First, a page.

Picture this: A son is worried about his mother, who hasn’t woken up for the day. He goes to check on her and sees her still form in her bed apparently not moving. She hasn’t been well and thoughts begin to race through his mind. Has she died? Is she still breathing? In the seconds before discovering the truth of the matter, many things flow through the son’s mind.
It is in those seconds that Jordan Tannahill’s debut novel Liminal (House of Anansi) takes place.
The word, seemingly so apropos for our times, describes a place between things, such as life and death, male and female, spirituality and corporeality.
For Tannahill, the Beacon Hill boy who has found a place as an important theatre and film artist in Canada and now in London, it represents a place where he can explore issues of spirituality, love, death, personal failure and sexuality. It’s deep stuff, but the playwright in Tannahill knows all about dramatic action and this first book clips along through many adventures.
The book also works with the convention of autofiction in which the main character of the work is named Jordan Tannahill.
This interview, however, takes place with the real Jordan.
“It’s predominantly fiction but there is a patina of truth sprinkled throughout. A more apt metaphor is: There is a kind of architecture of truth. But all of the insides, the glass in the windows, all of that is fiction.
“It bears a certain resemblance to my life,” he said, “but I really use fiction to interrogate themes in a more succinct and coherent manner.”
The 29 year old Tannahill is a playwright, filmmaker, and theatre director. He’s won a Governor General’s Literary Award for Drama for the play Age of Minority: Three Solo Plays and was shortlisted for the play Concord Floral. He’s picked up Dora Mavor Moore Awards and his films and multimedia performances have been presented at the Toronto International Film Festival, the Art Gallery of Ontario and the Tribeca Film Festival. He ran, with William Ellis, the underground art space Videofag out of their home in Toronto’s Kensington Market. And his virtual reality performance Draw Me Close, a co-production between the National Theatre (UK) and the National Film Board of Canada, was at the Venice Film Festival. Tannahill is nothing but eclectic.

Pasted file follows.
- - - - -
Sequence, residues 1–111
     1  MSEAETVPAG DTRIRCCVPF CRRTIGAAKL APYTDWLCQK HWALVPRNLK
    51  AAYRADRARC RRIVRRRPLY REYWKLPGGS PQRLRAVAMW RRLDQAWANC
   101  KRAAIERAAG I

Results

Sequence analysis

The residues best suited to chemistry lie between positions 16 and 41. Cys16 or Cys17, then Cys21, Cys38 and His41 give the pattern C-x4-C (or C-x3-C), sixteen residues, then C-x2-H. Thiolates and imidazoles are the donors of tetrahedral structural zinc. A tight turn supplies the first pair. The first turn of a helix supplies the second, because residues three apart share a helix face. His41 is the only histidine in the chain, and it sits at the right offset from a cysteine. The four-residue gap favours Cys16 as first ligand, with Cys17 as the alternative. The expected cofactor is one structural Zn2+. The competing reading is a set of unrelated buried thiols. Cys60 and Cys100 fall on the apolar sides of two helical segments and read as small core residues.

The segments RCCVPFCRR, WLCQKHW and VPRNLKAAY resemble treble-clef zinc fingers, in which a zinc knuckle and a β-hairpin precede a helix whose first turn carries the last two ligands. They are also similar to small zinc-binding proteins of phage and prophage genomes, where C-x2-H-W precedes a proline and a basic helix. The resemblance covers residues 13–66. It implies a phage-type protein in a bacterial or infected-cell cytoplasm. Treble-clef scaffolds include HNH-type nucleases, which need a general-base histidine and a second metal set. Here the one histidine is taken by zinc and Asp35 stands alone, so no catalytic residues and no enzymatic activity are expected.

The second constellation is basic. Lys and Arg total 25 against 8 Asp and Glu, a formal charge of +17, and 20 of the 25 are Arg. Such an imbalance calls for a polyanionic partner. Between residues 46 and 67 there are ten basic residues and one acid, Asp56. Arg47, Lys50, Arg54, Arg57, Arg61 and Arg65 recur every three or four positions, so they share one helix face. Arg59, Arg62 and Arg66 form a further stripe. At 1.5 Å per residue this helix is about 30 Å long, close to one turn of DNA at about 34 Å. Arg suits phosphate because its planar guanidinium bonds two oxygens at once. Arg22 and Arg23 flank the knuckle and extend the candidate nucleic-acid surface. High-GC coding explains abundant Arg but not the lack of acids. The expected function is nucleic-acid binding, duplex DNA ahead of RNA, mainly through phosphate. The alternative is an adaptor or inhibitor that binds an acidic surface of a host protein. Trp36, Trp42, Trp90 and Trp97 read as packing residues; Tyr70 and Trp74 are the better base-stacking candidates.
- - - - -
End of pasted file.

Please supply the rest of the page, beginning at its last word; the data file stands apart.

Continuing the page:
He has a hungry mind and he reads widely. In the interview, he cited writers such as Rebecca Solnit or Maggie Nelson as being influential in his thinking about style.
“As I began fleshing out the text, fiction was a really useful tool to dig deeper and use narrative to get under skin of these characters and ideas.”
Autofiction, he said, was a way to look at what he calls the muse of the self and the body.
This is not without a concern. “The proximity to self in this book costs a lot more to write and it kind of scares the shit out of me to be honest.”
He grew up in Ottawa’s east end. Suburban Ottawa has “ingrained itself on my soul and internalized itself in my spiritual geography. It is recurrent in my work. I am interested in how these mythic archetypes, such as spirituality, play out in a relatively featureless landscape.
“Ottawa forms me for better or worse. It really is in all my work.”
Tannahill does have a father but he’s not in the book.
“I excluded other members of my family as well. I wanted to centralize the relationship between the mother and the son in the book.” He also creates a question about fictional Jordan’s genesis. Was he a test tube baby or the product of a one night stand.
“Am I somehow the by-product of perversion?” he says rhetorically about the fictional Jordan.
The book also makes more than a passing reference to the Confessions of Saint Augustine, whose mother had the same name as the fictional mother in Tannahill’s novel.
The fourth century memoir is considered the first autobiography and follows Augustine’s life from the profane to the spiritual.
“I would say my character’s journey does mirror Augustine’s. Both mothers are named Monica. Both men leave a smaller city to go to a larger city where they find themselves drawn to the theatre and the cauldron of physicality.”
But, while Augustine rejects the profane, fictional Jordan explores passion and sensuality and life on earth.
“For me it’s about the embrace of corporality, temporality and nowness.”
As a writer, Tannahill says he is very inspired by what he calls the novel of ideas.
In the case of Liminal, a particular novel of ideas has proven to be a real starting point. The Passion According to GH. written by the Brazilian Clarice Lispector which was published in 1964.